VICKY PHELAN, who exposed the Cervical Check scandal, wants accountability. Is she any nearer getting it?
No, although the net has tightened thanks to the quizzing of top health officials before the Oireachtas health committee and the Public Accounts Committee.
It seems there were strong hints that women who developed cervical cancer were not being told they were the victim of a mistake before Ms Phelan’s High Court revelations last month?
Some doctors in the HSE were told in July of a dispute over who would inform Ms Phelan about her review.
It was regarded as an isolated case.
But in September the former clinical director of CervicalCheck, Grainne Flannelly, was clearly told of the unease among hospital doctors that they were given the job of breaking the news to the women.
Who attended the meeting?
Specialists from around the country. The mistake in the smear test was not of their making and there was obvious resistance to putting the duty on them to tell the women.
Do we know if this triggered action?
It’s unclear but whatever happened was not effective.
The women were supposed to get their reviews from mid-2016 onwards but up to two weeks ago 162 of the 209 women involved, including relatives of the deceased, were still oblivious to the existence of these reports. Did we learn any more about women who developed cervical cancer over the past decade whose cases were not audited by CervicalCheck?
Yes, the names of 1,600 women have now been given to CervicalCheck by the National Cancer Registry in the past week.
Why did CervicalCheck not have access to information on these women up to now?
The Public Accounts Committee was told that data protection law blocked the transfer.
Does this apply to Breastcheck and Bowelscreen also?
There is no transfer of information to Bowelscreen yet but it is in place for Breastcheck. It is bizarre that it exists for one but not the others. It is based on patient consent.
So how many of the 1,600 got cervical cancer after an incorrect smear test result?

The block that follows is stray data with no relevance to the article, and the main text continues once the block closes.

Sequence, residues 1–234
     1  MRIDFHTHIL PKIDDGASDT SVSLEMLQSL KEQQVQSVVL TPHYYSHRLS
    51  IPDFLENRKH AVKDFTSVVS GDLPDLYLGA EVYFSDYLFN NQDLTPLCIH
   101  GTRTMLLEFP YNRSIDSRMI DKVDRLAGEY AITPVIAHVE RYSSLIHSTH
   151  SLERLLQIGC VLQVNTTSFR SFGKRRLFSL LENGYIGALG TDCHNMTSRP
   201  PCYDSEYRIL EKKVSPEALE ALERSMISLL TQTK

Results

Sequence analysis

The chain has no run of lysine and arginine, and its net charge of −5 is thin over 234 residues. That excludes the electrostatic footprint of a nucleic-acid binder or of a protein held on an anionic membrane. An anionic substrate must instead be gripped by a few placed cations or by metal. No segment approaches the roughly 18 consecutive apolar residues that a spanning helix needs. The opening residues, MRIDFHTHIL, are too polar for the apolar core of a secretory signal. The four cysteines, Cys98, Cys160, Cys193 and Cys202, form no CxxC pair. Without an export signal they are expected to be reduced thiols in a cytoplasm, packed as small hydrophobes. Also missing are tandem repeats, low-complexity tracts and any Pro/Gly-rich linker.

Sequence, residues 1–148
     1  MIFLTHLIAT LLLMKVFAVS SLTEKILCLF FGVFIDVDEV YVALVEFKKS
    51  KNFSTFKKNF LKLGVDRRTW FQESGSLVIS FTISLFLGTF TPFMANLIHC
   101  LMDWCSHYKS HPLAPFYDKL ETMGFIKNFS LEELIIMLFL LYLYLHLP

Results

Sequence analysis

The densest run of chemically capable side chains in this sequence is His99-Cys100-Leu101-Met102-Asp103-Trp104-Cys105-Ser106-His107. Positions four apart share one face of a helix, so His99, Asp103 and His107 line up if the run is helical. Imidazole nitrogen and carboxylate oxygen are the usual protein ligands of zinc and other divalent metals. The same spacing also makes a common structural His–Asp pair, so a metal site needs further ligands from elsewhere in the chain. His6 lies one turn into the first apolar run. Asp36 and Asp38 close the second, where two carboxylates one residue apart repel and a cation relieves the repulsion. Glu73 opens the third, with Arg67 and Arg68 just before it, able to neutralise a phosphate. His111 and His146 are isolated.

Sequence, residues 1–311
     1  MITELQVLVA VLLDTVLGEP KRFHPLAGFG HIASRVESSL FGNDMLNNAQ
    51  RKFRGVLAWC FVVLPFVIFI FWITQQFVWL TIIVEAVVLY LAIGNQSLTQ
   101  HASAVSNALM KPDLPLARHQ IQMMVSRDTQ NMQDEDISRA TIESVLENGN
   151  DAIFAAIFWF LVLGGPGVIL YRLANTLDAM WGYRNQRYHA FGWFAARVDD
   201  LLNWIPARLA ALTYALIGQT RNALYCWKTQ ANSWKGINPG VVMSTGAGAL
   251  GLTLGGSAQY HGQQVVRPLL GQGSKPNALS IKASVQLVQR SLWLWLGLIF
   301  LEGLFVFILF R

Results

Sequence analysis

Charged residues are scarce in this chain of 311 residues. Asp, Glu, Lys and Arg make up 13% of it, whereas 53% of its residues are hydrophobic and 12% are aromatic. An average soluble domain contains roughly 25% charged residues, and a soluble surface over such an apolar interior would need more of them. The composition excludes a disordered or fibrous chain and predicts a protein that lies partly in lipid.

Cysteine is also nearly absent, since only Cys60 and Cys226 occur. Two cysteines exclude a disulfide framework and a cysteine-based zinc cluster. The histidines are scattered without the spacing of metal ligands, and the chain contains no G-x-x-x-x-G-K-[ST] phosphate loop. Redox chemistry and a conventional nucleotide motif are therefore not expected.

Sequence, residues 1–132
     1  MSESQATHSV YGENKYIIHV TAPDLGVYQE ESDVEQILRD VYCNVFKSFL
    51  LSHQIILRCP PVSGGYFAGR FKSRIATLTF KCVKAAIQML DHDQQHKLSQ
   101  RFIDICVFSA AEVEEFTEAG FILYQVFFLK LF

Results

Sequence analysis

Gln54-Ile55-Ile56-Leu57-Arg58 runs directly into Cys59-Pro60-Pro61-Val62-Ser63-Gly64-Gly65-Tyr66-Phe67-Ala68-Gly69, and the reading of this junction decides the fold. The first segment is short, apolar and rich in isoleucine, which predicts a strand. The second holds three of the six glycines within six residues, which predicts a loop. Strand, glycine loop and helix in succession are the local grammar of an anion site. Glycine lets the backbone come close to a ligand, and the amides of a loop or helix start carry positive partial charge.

We don’t know. There is a lot of investigation to happen yet.
What about the Chief Medical Officer Dr Tony Holohan? He was involved in intense discussions with the HSE and CervicalCheck for much of 2016. Has he now changed his mind about the decision not to tell the minister?
No. He stuck to his line yesterday that it was reasonable not to.
But he knew a letter went to doctors to use their judgment about whether to
tell the women and just note it on the file of patients who died?
Yes. He believes that was acceptable for a screening programme. But many members of the committee believe it contradicts the policy of open disclosure. The Department of Health’s Secretary General Jim Breslin also said it was not of a scale to tell the minister in 2016.
Yes. We now know most of the women were not told of the test mistakes. But it was clear in 2016 that behind the statistics were real people, all of whom developed cancer and some who had died. This was no ordinary release of reports. It was the first of its kind by a screening programme and his judgment must definitely be brought into question. Has Health Minister Simon
Harris introduced new reporting measures in the wake of the scandal? No, Mr Breslin said he has not.
So what happens now?
The Scally review into the scandal is underway. Labour TD Alan Kelly said he will continue to ask some of the key officials in the Department and HSE to stand aside while it is ongoing to ensure fairness.
Vicky Phelan and Stephen Teap, husband of the late Irene Teap. Ms Phelan and Ms Teap both received erroneous results from the CervicalCheck screening programme.